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2021 Federal Election Projections

With federal election day having arrived the campaigns are turning their attention to getting out the vote. The last poll results have been reported by the big survey firms and the final election results will not start showing up until the evening. Ultimately, it’s a slower day for those who love politics waiting for the election results. A day where many will spend it speculating about the results and making predictions on who will win.

While many of us like to predict what will happen on election day based on intuition, poll aggregating websites and individual polling firms use models to attempt to project which party will win every seat in Canada. The results from multiple Canadian prognosticators can provide a snapshot of what is predicted to happen tonight.

Results are shared here of seven websites that aggregate polls from the polling firms and then create a model to predict the election are examined (338Canada, Calculated Politics, CBC Poll Tracker, Lean Toss Up, Too Close to Call, and The Signal, @politicscan), three projection websites using their own models (Election Prediction Project, Election Atlas, and Advanced Symbolics) and four polling firms which use their own data to predict the election (Ekos, Forum, Innovative Research, and Mainstreet).

Every single projection predicts a Liberal minority government. However, the highest projection has the Liberals within a couple of seats of a majority. The average projection has the Liberal Party dropping a single seat to 154 from the numbers at dissolution. The Conservative Party projections have them on average at 120 seats, up one from dissolution. The NDP are predicted to make the most gains moving up eight seats. The Bloc are projected to remain the same . The Green Party is expected to have 2 seats. Note, one seat was vacant at dissolution.

Some of the differences in projections may be due to differences in how the poll aggregator websites averaged the polls. Similarly, the differences in the polling firms’ projections are due to both their models and what the firms’ final polls projected as the vote share of each party.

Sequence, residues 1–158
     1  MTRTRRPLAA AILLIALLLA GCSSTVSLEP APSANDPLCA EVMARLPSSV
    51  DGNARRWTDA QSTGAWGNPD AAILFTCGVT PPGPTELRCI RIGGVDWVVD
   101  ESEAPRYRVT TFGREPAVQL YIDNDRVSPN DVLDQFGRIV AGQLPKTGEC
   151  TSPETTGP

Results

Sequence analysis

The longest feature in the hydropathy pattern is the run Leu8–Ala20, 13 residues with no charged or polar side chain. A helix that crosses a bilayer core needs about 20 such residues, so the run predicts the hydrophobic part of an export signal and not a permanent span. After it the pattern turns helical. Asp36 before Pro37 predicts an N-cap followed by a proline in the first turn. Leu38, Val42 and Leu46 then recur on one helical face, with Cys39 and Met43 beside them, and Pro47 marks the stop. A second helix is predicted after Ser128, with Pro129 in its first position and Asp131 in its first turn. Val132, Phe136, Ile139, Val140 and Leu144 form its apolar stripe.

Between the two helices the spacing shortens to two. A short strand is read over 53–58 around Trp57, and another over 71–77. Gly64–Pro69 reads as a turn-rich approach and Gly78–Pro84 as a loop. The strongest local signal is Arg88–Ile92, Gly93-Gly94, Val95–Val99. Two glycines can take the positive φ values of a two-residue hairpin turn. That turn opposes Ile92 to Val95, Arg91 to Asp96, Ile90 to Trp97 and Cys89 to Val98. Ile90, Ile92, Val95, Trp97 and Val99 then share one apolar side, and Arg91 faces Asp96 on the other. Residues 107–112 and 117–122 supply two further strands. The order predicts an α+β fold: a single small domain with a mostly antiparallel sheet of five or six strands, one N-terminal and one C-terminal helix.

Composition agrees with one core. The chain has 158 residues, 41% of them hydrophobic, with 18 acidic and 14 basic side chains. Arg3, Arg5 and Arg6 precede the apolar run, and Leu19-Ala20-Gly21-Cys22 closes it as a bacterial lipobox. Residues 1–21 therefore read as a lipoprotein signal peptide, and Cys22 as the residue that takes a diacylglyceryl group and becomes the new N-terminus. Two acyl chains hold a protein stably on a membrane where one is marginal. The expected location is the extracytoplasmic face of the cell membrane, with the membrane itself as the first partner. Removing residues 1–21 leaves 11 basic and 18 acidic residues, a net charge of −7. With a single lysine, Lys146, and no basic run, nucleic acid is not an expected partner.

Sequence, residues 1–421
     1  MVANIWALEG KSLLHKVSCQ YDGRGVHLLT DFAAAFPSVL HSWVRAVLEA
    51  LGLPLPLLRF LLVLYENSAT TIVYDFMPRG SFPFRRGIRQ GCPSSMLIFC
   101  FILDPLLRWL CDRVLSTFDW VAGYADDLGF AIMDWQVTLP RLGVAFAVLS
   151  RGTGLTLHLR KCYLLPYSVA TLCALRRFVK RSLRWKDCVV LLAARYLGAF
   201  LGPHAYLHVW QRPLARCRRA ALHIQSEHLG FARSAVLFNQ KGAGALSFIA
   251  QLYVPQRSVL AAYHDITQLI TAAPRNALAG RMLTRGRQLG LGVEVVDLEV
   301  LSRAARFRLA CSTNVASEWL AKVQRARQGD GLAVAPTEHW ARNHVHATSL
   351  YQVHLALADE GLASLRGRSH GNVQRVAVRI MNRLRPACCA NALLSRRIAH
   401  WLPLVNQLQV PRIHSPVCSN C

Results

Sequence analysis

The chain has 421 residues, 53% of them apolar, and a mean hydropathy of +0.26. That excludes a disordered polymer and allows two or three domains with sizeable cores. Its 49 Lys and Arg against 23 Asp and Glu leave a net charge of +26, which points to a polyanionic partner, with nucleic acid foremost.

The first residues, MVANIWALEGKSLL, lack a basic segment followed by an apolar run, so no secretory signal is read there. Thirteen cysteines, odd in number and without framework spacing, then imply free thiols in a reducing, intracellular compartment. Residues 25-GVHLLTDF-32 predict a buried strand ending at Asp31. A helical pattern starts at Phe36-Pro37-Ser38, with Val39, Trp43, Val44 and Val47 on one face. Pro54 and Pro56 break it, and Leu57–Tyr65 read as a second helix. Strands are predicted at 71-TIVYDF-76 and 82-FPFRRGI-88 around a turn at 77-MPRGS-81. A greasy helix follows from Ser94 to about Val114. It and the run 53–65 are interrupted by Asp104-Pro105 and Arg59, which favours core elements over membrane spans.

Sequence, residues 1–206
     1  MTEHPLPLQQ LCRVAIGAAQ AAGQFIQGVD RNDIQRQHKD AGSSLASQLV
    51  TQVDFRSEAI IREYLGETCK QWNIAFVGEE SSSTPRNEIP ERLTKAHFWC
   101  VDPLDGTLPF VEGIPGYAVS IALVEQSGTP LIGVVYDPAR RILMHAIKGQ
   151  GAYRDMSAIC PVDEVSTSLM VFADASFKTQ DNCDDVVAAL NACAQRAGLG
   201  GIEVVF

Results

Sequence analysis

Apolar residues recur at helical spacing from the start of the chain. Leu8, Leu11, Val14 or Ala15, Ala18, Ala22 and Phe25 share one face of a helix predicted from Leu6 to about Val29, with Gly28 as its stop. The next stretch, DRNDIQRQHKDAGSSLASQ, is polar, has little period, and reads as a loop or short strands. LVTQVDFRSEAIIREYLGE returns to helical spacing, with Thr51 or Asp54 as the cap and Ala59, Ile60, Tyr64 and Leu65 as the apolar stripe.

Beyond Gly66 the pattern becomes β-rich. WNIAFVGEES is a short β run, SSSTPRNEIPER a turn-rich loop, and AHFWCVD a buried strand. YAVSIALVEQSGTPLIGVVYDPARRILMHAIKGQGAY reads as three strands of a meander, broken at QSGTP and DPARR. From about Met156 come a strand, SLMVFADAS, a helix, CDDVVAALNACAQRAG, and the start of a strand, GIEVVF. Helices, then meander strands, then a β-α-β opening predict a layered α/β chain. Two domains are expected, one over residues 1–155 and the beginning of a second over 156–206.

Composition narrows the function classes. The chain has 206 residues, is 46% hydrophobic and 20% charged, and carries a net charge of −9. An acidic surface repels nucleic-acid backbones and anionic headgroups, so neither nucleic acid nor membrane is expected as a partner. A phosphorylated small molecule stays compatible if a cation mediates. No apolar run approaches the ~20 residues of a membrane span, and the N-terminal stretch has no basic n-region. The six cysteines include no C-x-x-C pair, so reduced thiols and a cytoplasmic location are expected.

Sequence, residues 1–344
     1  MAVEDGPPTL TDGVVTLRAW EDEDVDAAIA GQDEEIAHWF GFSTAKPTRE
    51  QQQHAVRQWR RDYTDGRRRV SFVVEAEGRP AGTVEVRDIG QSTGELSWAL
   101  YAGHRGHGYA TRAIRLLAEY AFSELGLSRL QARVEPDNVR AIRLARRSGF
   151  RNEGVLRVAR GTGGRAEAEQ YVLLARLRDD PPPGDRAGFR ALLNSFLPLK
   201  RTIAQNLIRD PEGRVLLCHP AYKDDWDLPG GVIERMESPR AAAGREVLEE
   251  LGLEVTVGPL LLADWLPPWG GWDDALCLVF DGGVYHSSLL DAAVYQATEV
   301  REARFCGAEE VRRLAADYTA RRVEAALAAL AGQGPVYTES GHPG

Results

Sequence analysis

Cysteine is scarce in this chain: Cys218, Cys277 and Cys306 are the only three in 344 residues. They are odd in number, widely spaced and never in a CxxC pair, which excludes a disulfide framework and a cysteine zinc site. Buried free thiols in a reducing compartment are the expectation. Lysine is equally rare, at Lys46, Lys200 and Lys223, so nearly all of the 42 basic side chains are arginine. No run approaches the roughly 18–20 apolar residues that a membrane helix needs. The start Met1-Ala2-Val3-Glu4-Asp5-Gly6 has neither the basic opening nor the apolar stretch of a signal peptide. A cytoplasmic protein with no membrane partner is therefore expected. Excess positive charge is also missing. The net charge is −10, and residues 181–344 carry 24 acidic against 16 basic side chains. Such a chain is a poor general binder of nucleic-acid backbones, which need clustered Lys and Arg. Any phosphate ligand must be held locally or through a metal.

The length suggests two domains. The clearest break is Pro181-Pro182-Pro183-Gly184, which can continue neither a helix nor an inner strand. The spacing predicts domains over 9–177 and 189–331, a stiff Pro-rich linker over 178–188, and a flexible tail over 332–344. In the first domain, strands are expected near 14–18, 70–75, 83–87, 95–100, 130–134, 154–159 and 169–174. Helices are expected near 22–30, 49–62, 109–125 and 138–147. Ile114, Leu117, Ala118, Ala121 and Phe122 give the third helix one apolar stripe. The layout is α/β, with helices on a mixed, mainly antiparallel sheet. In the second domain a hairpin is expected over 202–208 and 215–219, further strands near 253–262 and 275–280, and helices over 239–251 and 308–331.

The table above provides an overview of the predicted vote share Canada-wide for the poll aggregators and the polling firms. Using the poll aggregators average the Liberal Party is expected to drop 1%, the Conservative Party 3%, the NDP are up 3%, the block down 1%, the Green Party is down 3%, and the PPC is up 5%.

After the election, a second post will provide a basic examination of how well the projections did at predicting the actual election results.

*Updated at 10:46 am to reflect changes to 338Canada‘s projections

*Updated at 2:30 pm to reflect changes to Ekos and The Signal‘s projections and to add @politicscan projections.

Death of a mutual

The following article by Anthony Piscitelli and Liam McHugh-Russell was published in Policy Options:

In the 1990s and 2000s, four major Canadian life insurance companies demutualized, ending their status as mutuals to become publicly traded corporations. Economical Mutual Insurance has spent much of the last decade laying the groundwork to be the first property and casual insurer in Canada to do the same. The stated purpose of this process has been to improve the competitive edge of these companies in economic and regulatory conditions that have changed since they were founded – although more direct financial interests certainly provided some impetus.

In May, Economical received final policy-holder approval to sell off ownership of the company via an initial public offering (IPO). All that remains to finalize the demutualization is approval from Finance Minister Chrystia Freeland. There is little doubt this approval will be received; the process has been overseen by the federal government, the regulator and the courts. Although demutualization will be a financial bonanza for a handful of policy holders, the sell-off is unfortunate. The loss of Economical’s mutual status will cause a further drift from the company’s values, to the detriment of broader Canadian society.

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The MEC debacle is a predictable and avoidable governance failure

By Marc-Andre Pigeon and Anthony Piscitelli

When news broke about Mountain Equipment Co-op (MEC) being sold to an investor in the United States, the reaction among many of its 5.4 million member-owners was surprise, anger and disappointment.

More than 130,000 members have so far signed a petition to reverse the sale, while a group of members has raised more than $100,000 to give members a voice at MEC’s Companies Creditors Arrangement Act (CCAA) proceedings.

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